This article was co-authored with Sarah Samuel.
The conversation around goals is a familiar one to all of us. You can read up endlessly on tips and tricks for creating realistic goals, identifying short-term versus long-term goals, measuring goals and pretty much anything else having to do with goals. This conversation is important because goals are a necessary aspect of our lives, both personally and professionally, and because goals can sometimes prove to be more difficult to achieve than we would like. Accomplishing our goals can require a lot of effort from multiple people. It can also take a big leap in consciousness — a belief in our abilities when we haven’t yet proven to ourselves that we are able.
I’m sure you’ve experienced the following scenario: You have a goal and it’s a really good goal. It’ll definitely, for sure, get you where you want to go. You’ve planned it out. You have checklists written and ready to be checked off. And yet, you just can’t do it. You can’t follow through on one part or another of the goal and it doesn’t get done. Or maybe this one sounds familiar: You’re working long hours. You’re putting in maximum effort and checking everything off your list, but you’re feeling empty. Unfulfilled. You’re not really getting where you want to go. You feel like a mouse in a wheel, moving fast but getting nowhere.
What a lot of goals are missing is the purpose behind them. A goal is really just a tool in service to a purpose! It’s measurable. It can be checked off a checklist. It’s where you’re going. The purpose is why you’re going there —not what you’re getting done, but what’s on the other side of that.
I refer to the dichotomy between goals and purpose as “the master choice” because in my experience, starting with purpose has the highest correlation to success, indispensability and personal fulfillment. At work, you may have to achieve goals that relate to customer satisfaction, sales and project target dates. At home, you might have goals like maintaining a clean household, nurturing important relationships or making healthy choices. And while establishing goals and metrics is vital for accomplishing all that we want, for getting where we want to go and for achieving success, by themselves goals, will have us busying ourselves unnecessarily or feeling stuck and overwhelmed — all while missing the mark on what we really want.
We experience this as customers when speaking with a customer service representative who completes their script to the tee but doesn’t really help and leaves us frustrated. In an office setting, you might be told to accomplish one thing while being pressured to focus on other things, some of which are even counterproductive to your first goal. I once consulted for a manufacturing company whose number one goal was safety. They had signs everywhere saying, “Safety is our priority.” Everyone attended regular safety trainings. And yet the organization had an abysmal safety record. These are all examples of goals without a purpose behind them.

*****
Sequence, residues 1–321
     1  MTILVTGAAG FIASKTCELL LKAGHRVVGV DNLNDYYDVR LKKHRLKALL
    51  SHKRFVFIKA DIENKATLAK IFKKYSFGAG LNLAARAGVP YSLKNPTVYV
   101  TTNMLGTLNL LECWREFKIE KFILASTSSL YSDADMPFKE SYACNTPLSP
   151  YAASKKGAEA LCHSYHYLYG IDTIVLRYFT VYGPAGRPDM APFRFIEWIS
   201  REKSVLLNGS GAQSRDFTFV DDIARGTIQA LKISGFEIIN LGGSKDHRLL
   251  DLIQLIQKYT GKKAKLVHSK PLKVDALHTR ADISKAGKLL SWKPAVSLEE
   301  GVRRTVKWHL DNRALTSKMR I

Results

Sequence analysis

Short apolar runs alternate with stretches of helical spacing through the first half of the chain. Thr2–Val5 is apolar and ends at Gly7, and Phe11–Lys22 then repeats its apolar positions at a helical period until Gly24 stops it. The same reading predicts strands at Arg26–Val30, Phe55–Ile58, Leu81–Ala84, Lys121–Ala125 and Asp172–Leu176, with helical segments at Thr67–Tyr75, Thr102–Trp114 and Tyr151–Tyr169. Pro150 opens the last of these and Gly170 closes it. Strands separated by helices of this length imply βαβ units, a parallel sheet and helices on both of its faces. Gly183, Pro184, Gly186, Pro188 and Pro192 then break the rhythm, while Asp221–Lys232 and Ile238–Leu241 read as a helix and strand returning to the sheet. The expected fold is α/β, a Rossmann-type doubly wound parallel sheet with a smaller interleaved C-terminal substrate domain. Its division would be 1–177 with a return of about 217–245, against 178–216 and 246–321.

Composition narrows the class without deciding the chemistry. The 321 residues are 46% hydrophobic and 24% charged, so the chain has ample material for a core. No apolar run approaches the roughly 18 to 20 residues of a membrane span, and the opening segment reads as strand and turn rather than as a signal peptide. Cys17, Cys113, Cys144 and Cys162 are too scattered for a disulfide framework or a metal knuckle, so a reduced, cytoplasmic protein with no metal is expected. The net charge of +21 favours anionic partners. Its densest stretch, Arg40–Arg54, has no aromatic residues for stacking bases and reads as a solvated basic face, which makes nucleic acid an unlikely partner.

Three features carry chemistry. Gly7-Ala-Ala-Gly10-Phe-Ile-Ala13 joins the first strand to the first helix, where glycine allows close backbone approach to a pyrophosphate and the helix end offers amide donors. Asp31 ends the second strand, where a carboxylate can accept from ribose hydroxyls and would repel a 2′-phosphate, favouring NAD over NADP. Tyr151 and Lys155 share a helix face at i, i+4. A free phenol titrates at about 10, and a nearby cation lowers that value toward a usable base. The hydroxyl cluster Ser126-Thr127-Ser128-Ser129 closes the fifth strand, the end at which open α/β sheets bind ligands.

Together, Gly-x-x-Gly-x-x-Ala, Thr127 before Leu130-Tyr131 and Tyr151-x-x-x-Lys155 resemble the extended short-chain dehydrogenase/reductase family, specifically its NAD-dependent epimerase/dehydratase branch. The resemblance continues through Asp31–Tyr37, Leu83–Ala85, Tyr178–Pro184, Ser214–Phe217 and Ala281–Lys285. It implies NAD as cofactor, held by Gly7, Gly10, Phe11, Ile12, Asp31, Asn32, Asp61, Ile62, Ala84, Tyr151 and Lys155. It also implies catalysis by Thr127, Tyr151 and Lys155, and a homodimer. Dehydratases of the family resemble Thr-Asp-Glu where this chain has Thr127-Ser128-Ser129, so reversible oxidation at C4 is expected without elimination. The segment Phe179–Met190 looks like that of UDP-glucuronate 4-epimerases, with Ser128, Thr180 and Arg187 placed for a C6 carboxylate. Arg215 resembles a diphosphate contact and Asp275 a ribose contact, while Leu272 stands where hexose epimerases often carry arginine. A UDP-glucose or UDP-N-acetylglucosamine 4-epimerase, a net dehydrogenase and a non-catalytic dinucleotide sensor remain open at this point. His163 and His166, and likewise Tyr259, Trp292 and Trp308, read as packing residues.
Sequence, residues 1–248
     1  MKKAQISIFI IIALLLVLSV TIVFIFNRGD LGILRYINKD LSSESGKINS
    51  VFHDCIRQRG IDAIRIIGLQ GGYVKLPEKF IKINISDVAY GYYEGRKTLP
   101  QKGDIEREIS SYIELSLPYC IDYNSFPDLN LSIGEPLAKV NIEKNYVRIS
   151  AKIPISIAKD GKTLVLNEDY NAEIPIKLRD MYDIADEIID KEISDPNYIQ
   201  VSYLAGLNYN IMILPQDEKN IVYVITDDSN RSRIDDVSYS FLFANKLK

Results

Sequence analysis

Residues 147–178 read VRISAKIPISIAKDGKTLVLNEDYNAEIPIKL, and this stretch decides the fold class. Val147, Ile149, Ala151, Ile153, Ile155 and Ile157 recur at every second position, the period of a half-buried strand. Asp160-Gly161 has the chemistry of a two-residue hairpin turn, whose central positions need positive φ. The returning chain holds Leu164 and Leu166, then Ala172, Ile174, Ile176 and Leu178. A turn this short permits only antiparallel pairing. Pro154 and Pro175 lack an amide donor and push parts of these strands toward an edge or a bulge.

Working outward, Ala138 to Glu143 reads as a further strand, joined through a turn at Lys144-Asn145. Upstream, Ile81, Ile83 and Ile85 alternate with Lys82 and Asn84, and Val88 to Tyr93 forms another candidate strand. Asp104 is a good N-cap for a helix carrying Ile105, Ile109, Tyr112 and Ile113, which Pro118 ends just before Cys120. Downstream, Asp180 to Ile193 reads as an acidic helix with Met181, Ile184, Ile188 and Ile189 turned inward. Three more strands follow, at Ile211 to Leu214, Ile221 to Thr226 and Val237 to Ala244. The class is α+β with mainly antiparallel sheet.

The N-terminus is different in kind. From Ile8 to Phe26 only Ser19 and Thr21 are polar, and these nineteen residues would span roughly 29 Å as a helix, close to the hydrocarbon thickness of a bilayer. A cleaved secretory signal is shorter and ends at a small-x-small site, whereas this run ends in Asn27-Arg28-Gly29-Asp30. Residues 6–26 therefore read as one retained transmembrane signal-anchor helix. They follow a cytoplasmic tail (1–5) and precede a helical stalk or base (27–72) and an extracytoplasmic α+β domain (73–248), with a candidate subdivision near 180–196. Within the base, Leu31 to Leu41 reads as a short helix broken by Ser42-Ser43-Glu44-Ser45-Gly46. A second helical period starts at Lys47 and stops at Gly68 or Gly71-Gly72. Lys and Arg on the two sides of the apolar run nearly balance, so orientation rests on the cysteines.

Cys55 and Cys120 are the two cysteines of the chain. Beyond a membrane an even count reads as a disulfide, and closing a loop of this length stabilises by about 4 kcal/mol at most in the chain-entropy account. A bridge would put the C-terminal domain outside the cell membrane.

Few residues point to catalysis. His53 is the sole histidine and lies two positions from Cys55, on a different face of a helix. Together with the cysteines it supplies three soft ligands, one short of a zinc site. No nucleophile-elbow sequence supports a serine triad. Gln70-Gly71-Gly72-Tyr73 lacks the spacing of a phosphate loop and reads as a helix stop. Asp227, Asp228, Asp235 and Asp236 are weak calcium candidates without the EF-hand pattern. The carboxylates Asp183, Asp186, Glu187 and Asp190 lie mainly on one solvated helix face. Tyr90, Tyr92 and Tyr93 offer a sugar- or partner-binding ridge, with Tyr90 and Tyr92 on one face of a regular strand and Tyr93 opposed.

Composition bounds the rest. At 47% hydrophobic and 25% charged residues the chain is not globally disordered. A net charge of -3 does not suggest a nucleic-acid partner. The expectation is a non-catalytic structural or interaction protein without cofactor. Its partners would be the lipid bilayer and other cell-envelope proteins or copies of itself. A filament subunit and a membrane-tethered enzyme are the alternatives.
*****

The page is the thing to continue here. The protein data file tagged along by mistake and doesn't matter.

To illustrate how this can play out, let’s use an example I’m sure we’re all familiar with: Laundry.
My daughter shared with me recently that she used to get stuck in the process of doing her laundry. She couldn’t make herself fold her clothes once they were out of the dryer. She’d keep a pile of clean, unfolded laundry on her bed until she needed to sleep, at which point she’d move the pile to the top of her dresser. When she needed to find something to wear, she’d move the pile back to her bed to go through it. She’d often do this, moving the pile back and forth, for over a week! She felt frustrated and annoyed with herself, but couldn’t seem to change the habit. So what’s going on here? Let’s break it down.
When we’re doing laundry, what’s the goal?
Clean my clothes, dry them and put them back where they belong.
What’s the purpose?
Have clean clothes to wear in the upcoming week.
When we look at just the goal, it’s a mystery as to why my daughter wouldn’t fold her clothes. It clearly says, right there in the goal, to put the clothes back where they belong. But when we look at the purpose, we find the answer is clear as day. The purpose is to have clean clothes to wear. Once they came out of the dryer, the clothes were clean and ready to be worn. She had accomplished her purpose even though she had not accomplished her goal. For my daughter, there was no reason to continue with the goal when the purpose was complete.
A goal by itself often does not inspire the energy required to get it done, which is one reason the purpose is so important. My daughter completely changed her habit when she came up with two additional purposes to fuel her goal: to have a bedroom clear of clutter and to avoid getting wrinkles in her clothes. Now, without fail, she puts her clothes away right out of the dryer.
Perhaps you’ve also been in a situation where you’re metaphorically doing laundry too often, every day maybe. You’re checking it off the list, calling yourself productive, all the while feeling like you’re getting nowhere. This happens when we make the goal more important than the purpose. When the purpose is complete, the goal becomes obsolete and should be let go in service to new goals and new purposes. Remember, the goal is a tool in service to the purpose. There’s no use in washing your clothes if they’re already clean.
So you can see here very clearly how a goal is simply not enough. It is the purpose behind a goal that is its driving force and without it, we’re just running around, busying ourselves, without a clear sense of why we’re doing anything. This leads to us missing important things and makes us feel exhausted and like we’re unable to catch up.
This post originally appeared on the BState Blog.